Improving teacher education

Efforts must be based on a continuing curriculum, informed equally by the teachers’ reality as by the fundamental vision of education

Anurag Behar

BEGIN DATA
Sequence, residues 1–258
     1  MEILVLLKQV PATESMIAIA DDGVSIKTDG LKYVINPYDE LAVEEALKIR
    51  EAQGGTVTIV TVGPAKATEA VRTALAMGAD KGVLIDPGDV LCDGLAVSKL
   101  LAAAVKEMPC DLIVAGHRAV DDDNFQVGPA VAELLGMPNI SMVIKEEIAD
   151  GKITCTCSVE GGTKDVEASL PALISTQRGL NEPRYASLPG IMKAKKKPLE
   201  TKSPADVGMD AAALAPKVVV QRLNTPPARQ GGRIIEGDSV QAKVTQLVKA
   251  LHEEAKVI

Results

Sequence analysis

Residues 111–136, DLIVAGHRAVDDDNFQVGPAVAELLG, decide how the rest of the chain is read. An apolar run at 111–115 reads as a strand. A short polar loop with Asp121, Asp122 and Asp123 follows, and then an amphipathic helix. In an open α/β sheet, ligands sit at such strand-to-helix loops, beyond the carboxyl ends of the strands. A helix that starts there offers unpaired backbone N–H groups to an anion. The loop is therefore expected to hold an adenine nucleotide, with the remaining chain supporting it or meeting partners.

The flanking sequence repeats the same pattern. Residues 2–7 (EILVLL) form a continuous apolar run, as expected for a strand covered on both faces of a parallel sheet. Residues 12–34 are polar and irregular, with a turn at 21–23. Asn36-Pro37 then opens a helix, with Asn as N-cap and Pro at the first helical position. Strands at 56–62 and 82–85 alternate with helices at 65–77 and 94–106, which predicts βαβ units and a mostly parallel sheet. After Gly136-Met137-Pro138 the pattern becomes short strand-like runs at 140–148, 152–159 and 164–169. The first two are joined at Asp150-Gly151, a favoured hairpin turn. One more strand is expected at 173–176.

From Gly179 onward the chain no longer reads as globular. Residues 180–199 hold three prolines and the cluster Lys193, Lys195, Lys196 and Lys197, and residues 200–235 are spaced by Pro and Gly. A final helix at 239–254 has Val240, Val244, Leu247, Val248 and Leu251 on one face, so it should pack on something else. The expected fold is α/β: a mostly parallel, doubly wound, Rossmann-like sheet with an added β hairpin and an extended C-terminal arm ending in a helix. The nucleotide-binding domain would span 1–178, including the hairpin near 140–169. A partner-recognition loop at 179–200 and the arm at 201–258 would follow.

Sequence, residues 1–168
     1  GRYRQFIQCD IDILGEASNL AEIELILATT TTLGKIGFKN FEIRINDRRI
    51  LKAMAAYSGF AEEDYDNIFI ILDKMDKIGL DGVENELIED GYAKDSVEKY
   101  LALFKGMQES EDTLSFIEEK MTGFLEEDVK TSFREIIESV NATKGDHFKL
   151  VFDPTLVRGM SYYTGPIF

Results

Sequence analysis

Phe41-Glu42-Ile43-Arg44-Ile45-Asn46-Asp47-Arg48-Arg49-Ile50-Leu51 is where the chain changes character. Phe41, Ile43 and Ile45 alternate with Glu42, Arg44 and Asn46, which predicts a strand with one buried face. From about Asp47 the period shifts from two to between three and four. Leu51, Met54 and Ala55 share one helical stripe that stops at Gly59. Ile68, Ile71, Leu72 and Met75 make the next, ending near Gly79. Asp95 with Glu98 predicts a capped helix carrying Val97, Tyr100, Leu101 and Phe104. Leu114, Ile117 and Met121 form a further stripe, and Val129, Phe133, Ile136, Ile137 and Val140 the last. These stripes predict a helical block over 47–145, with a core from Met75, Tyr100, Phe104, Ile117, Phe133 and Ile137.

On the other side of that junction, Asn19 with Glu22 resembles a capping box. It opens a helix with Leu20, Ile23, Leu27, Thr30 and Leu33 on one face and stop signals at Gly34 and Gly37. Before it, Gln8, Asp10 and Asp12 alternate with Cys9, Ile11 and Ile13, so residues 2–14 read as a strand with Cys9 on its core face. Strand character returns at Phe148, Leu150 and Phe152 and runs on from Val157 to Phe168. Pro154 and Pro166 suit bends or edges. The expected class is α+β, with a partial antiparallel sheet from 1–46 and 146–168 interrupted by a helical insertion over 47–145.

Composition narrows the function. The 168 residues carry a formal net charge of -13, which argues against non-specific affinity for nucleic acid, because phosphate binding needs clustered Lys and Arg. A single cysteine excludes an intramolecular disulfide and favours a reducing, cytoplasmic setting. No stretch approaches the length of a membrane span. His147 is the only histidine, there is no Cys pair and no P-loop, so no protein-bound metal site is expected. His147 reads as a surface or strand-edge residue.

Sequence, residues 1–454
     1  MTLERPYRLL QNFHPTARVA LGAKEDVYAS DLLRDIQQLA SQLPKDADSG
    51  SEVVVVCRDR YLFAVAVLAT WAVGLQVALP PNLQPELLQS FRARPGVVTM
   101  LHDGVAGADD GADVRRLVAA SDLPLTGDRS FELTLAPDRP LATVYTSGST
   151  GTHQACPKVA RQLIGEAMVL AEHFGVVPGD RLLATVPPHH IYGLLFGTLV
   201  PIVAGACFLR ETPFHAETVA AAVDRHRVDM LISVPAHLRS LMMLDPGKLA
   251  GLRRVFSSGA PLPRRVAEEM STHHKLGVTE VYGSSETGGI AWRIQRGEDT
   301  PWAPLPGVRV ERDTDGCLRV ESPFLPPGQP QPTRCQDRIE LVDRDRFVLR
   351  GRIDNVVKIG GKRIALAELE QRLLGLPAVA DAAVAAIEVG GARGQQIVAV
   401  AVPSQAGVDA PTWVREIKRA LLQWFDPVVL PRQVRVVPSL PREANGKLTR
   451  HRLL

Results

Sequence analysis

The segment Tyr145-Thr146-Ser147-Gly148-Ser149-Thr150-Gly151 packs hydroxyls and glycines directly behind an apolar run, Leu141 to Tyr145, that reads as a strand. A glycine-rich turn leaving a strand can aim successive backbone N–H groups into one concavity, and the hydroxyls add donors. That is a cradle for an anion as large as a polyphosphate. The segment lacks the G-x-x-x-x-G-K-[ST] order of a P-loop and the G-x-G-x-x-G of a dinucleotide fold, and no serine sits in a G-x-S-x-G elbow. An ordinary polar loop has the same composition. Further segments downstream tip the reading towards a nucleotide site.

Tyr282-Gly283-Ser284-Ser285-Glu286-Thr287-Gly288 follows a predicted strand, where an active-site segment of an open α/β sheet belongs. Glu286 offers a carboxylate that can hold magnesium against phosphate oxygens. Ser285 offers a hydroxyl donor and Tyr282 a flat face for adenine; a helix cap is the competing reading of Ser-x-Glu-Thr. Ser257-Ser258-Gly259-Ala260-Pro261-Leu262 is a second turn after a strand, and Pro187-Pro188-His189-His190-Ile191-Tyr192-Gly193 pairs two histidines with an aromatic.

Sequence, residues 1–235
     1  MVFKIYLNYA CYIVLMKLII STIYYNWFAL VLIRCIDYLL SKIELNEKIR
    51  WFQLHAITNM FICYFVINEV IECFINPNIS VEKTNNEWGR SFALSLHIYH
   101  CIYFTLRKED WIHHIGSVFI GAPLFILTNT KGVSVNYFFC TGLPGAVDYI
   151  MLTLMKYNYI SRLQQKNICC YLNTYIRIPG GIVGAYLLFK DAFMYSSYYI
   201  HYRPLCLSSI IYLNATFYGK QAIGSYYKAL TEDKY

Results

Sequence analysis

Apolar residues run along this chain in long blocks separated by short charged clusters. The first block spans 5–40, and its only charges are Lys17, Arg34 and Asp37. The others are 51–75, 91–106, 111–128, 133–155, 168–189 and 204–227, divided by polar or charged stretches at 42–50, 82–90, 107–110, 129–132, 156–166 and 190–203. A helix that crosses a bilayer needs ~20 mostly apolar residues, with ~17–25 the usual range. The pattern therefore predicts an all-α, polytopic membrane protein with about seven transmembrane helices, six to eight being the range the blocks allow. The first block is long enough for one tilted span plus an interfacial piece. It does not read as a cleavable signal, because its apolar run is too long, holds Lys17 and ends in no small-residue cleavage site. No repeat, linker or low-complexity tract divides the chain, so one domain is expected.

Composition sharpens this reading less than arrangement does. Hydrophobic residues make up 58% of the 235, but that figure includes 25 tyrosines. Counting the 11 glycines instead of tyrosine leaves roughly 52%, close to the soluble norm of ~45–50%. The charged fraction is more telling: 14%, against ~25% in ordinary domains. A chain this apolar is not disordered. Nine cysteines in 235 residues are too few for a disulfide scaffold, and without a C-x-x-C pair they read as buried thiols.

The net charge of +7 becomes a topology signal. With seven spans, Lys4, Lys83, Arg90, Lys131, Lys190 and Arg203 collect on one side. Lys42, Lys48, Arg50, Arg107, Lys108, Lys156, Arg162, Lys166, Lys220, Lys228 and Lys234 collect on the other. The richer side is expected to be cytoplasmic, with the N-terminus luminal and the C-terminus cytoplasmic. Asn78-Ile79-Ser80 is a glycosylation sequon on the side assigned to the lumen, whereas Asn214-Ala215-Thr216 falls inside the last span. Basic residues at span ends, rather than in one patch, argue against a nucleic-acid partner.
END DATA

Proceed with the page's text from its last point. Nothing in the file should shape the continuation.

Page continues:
About five minutes into the conversation with the Block Education Officer (BEO), I realized we were using the same phrase, “trainee teachers”, to talk about two entirely different things. I had assumed that the reference was to teachers who had joined recently, and were in a training period. We were discussing the poor quality of a particular training session; the BEO suggested that we need not be bothered, since it was trainee teachers who were participating. This seemed callous, till I realized what he meant. He was referring to a group of teachers in his block who had been identified by him to attend all trainings. Whatever the training, it was the same group that was nominated to participate. This was the BEO’s way of managing conflicting demands. There were many kinds of training organized for teachers; the BEO had to make sure that there were participants for all, with minimal disruption in the functioning of schools. Most teachers were completely disinterested in these training sessions. Identifying a group of teachers, who for their own reasons, were willing to attend training after training, had solved many of his problems. They were his trainee teachers. This method of managing may seem cynical, till the BEO’s reasons are understood. At the root was his accurate assessment that most of the training being organized was ineffective. Also, neither he nor the teachers felt any influence over what was being done. The curriculum, the methods, the duration and timing, everything was decided at the state capital, and he had to comply. He had repeatedly seen the poor quality of what eventually happened. He had figured out a solution, within his degrees of freedom. What the BEO did need not be condoned, but can be understood. One just needs to talk to government school teachers, who have had an overdose of poor training in the past decade. The Sarva Shiksha Abhiyan (SSA), the flagship school education initiative across the country, itself had 20 days of training budgeted every year for all elementary school teachers. This was very good. But driven by its highly centralized design, inadequate facilitators, mechanized methods and many other issues, this training had become a farce in most states, with only a few notable exceptions. In the past two years, the actions to manage the central fiscal deficit have resulted in a funds crunch on the ground, including in education. Since everyone agreed that it was ineffective, the SSA teacher training was one of the first spending heads to get large cuts across states; durations have now come down to three-five days per year. The sorry state of continuing professional development of teachers in India is rivalled by India’s teacher preparation (called “pre-service teacher education”) system, about which I wrote on 9 July. Continuing professional development is important in itself, for complex roles such as that of a teacher. However in the specific case of teachers in India it is even more important. That is because our pre-service teacher education leaves new teachers largely unprepared to play their roles. Not only does this lead to poor educational outcomes for students, but also disengages and demotivates the teachers, as they find themselves unable to cope with their roles. This is a vicious spiral beginning at the start of the teacher’s career. There is no substitute to building a robust pre-service teacher education system, and which must replace the existing dysfunctional one. When India gets this done, it will significantly help in resolving the issue of the capacity of new teachers joining the schooling system. However, that will not help the existing 6.5 million teachers in our schools, who have been prepared as teachers through the existing weak teacher preparation system; while some teachers are effective despite this, a large majority needs support and professional development. Otherwise educational outcomes in our schools will continue to languish for decades to come. Some necessary conditions for improving in-service (continuing) professional development of teachers are clear. It can’t be envisioned as “training”, with its ensuing narrowness; it must be “education”, which is deep and broad. The efforts must not be disjointed, but based on a continuing curriculum, informed equally by the teachers’ reality as by the fundamental vision of education. Most importantly, lecture driven sessions just won’t do, many modes must be thoughtfully sewn together. Some examples of these modes are mentored-at-work projects, exposure visits, guided reading, peer support and learning research projects. There must also be a cultural shift, with empowerment of the teacher and people near the teacher to chart her development path. The institutional structure to make all this happen exists, in the form of the 600 odd District Institutes of Education and Training. Making them vibrant can be the basis for a transformation of our in-service teacher education. And that is perhaps the most important lever of change if we want to improve India’s educational outcomes in the next 10 years. Anurag Behar is CEO of Azim Premji Foundation and also leads sustainability initiatives for Wipro Ltd. He writes every fortnight on issues of ecology and education.


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